Many individuals have commented on the victory of the chess computer Deep Blue. When Deep Blue defeated Garry Kasparov, it was met with a great deal of surprise and more than a little controversy. However, one of the commentators was actually inspired to do something about the victory. Omar Syed developed the game of Arimaa, which is reportedly far more difficult for artificial intelligence systems to play than chess is. Nevertheless, it was supposed to be easy enough for his then four-year-old son to play, and the name of the game is a permutation of his son’s name in honor of this requirement. Moreover, the game can be played with a repurposed chess set.
There is a $10,000 prize for the first computer program that can run on standard hardware and defeat the three top-ranked human Arimaa players. This prize is being offered until 2020. Theoretically, a supercomputer might be able to rise to the challenge through total brute force methods, but the prize is specifically to be given to someone who can design software that works with inexpensive home technology. However, since advanced hardware continues to go down in price, the 2020 limit has been set to ensure that cheaply available powerful hardware resources do not become an issue.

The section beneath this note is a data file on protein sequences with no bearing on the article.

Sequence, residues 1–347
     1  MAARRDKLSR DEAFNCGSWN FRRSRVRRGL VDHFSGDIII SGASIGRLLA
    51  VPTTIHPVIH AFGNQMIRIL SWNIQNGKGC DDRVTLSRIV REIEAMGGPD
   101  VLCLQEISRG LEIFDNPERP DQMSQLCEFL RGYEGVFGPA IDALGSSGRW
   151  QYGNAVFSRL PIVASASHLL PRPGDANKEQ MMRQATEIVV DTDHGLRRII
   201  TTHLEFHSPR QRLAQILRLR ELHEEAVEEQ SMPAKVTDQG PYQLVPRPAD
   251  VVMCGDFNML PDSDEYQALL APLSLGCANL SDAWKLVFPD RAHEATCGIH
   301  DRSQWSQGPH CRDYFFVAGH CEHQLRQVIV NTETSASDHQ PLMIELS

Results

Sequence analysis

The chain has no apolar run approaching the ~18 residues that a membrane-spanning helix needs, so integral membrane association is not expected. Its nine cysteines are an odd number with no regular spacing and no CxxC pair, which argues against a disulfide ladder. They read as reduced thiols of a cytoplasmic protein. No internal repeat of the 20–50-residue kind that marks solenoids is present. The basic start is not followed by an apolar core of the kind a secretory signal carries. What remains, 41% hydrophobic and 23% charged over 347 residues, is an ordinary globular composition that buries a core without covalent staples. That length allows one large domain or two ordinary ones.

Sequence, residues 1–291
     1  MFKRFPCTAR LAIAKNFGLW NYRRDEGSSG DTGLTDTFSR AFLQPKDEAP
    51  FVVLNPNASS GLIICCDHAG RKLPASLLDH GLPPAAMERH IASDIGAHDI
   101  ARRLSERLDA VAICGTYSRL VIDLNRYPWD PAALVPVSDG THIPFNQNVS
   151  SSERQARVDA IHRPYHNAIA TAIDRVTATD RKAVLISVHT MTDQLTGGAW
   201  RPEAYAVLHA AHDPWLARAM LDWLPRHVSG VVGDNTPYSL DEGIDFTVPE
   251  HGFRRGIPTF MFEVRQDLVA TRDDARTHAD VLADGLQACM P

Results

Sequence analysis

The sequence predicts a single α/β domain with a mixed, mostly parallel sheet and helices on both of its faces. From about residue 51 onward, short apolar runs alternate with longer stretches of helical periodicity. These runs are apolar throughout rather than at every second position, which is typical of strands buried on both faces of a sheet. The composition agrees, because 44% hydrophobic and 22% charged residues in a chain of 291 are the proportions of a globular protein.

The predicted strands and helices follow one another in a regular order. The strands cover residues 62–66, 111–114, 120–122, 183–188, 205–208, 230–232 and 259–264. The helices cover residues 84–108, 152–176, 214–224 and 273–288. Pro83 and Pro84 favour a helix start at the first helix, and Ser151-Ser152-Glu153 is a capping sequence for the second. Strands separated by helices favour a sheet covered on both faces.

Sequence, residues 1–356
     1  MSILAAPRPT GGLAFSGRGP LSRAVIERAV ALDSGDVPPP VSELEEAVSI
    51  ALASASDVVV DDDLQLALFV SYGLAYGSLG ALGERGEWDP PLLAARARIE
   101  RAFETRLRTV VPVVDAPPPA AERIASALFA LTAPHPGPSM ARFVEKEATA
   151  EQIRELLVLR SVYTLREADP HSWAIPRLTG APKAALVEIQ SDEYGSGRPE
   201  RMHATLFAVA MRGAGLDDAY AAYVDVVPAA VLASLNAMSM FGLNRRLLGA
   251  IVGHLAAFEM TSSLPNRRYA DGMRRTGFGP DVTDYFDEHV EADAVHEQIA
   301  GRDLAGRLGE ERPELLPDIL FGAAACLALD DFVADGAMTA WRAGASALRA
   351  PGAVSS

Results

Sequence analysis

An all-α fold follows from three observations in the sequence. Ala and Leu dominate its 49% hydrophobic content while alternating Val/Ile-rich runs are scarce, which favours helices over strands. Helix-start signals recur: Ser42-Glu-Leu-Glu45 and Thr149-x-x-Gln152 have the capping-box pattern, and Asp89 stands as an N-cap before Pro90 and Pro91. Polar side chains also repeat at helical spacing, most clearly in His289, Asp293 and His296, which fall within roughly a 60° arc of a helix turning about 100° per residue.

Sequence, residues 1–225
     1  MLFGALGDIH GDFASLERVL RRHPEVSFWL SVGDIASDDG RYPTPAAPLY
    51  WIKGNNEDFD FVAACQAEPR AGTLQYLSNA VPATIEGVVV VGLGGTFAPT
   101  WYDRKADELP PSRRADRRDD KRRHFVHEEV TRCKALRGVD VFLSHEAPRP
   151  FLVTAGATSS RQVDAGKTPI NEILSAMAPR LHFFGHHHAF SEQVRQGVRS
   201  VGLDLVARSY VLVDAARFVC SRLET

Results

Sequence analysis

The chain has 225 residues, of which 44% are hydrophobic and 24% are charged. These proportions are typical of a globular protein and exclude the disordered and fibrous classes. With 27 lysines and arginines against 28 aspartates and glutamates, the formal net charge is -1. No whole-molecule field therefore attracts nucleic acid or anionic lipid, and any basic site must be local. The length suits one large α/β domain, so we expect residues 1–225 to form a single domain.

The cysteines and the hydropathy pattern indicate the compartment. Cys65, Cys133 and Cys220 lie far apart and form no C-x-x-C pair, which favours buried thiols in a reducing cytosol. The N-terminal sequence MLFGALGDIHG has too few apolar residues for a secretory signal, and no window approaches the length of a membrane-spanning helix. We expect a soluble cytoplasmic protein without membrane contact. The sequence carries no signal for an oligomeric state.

Thus far, computers have not performed as well at playing Arimaa as they have at chess. One reason for this is the high branching factor that is present in the average game of Arimaa. That being said, Syed apparently hopes that the challenge will breed new and interesting artificial intelligence concepts.